Tag Archives | Goldsmiths

Austerity Bites: Food Stories from Lewisham

Via Gabriela Nicolescu, Goldsmiths

Exhibition organised by the Goldsmith’sDepartment of Anthropology

Venue: Weston Atrium, Stuart Hall Building, Goldsmiths
Private View: 24th May, 17.30 
Dates: 25th May – 6th of June 
Opening Times: Mon-Sat 9.00-21.00

The exhibition presents the result of our ethnographic project Austerity Bites conducted by the Department of Anthropology at Goldsmiths, and funded by the Arts and Humanities Research Council. The exhibition is based on an extensive phase of interviews, workshops, collections of objects and artefacts and interactions with different groups of local residents, to hear their stories, talk about their routines, and discuss the many meanings of everyday food consumption for these residents of Lewisham.   The London Borough of Lewisham is one of the most culturally diverse but also one of the most deprived areas of London and has been particularly affected by the politics of austerity that have compounded the effects of a deep economic recession. …

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Tracing continuity between childhood and adulthood: body attachments and practices that persist in a growing self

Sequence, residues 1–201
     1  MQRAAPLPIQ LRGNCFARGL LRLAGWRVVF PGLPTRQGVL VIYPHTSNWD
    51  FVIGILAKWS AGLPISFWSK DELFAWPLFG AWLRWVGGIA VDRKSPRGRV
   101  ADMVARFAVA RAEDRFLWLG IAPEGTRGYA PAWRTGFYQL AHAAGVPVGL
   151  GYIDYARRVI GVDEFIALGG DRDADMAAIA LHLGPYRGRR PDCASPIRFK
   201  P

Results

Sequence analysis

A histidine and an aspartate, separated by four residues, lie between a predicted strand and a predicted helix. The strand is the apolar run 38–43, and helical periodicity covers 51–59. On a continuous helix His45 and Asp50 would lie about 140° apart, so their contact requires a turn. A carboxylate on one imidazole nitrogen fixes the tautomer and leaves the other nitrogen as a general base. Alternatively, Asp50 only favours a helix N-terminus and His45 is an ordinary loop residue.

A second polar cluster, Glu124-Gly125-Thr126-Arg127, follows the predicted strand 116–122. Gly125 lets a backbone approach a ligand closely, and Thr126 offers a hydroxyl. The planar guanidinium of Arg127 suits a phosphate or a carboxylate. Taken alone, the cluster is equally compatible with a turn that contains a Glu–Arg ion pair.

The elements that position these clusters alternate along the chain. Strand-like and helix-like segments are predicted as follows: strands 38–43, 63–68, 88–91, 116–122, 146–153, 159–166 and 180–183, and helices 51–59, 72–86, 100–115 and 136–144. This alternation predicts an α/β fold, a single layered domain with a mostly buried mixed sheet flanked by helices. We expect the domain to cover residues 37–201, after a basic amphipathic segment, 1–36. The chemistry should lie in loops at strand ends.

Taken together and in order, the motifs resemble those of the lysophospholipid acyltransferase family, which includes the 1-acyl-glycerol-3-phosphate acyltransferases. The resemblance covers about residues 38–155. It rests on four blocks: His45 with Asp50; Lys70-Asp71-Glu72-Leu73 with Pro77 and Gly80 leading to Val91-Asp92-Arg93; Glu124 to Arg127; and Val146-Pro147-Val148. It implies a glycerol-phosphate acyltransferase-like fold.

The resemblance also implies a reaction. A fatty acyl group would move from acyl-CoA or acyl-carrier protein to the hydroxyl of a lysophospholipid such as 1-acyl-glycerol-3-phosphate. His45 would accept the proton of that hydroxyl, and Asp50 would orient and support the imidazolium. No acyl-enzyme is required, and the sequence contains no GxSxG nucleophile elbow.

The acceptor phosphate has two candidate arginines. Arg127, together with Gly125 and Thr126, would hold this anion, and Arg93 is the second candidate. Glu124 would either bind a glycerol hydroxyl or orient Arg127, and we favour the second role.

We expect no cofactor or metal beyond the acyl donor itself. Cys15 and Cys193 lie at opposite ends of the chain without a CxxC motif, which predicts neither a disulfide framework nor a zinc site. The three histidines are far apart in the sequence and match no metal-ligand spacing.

Valentini Sampethai, Goldsmiths University

One day in the summer I turned eighteen, I was sitting on the deck of a boat with my friend Danae listening to the Undertones’ “Teenage Kicks”. At some point, she turned and said to me, “Isn’t it sad, we’re not teenagers anymore?”.

We both agreed that none had felt any significant difference, nor had assumed any particular air of seriousness after our symbolic entry into adulthood. Already childhood had become idealized, a focus of nostalgia, although probably none of us had had a trouble-free childhood without its dark moments of fear, pain, and anxious questions. Still, childhood has been the largest chunk of our lives so far, and for a lot of us, the foundation for who we are today.…

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